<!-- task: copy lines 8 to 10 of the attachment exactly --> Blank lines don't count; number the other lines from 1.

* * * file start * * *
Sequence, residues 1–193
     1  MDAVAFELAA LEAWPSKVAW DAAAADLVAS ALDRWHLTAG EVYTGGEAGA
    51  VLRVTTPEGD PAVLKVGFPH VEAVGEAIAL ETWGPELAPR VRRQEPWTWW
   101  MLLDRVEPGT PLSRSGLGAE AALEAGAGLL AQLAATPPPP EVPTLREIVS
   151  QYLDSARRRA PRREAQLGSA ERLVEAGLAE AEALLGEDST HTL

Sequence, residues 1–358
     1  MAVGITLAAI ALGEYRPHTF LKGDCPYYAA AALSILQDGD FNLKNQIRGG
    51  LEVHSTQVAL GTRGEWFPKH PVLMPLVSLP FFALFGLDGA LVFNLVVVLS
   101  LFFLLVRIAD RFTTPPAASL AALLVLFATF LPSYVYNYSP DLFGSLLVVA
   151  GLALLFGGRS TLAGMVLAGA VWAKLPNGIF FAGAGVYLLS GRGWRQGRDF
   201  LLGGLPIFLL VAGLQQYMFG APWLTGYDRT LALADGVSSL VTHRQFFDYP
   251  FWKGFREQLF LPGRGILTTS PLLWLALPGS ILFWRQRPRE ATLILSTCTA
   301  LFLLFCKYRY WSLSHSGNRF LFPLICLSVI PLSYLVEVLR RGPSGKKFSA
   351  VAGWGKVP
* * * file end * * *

    51  LEVHSTQVAL GTRGEWFPKH PVLMPLVSLP FFALFGLDGA LVFNLVVVLS
   101  LFFLLVRIAD RFTTPPAASL AALLVLFATF LPSYVYNYSP DLFGSLLVVA
   151  GLALLFGGRS TLAGMVLAGA VWAKLPNGIF FAGAGVYLLS GRGWRQGRDF